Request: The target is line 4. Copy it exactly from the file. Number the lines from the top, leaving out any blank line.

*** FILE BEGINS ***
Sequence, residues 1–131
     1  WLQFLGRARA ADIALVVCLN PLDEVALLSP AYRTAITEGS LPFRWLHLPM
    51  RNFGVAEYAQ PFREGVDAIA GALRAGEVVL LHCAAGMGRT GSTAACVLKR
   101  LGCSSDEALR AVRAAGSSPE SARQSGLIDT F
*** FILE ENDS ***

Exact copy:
   101  LGCSSDEALR AVRAAGSSPE SARQSGLIDT F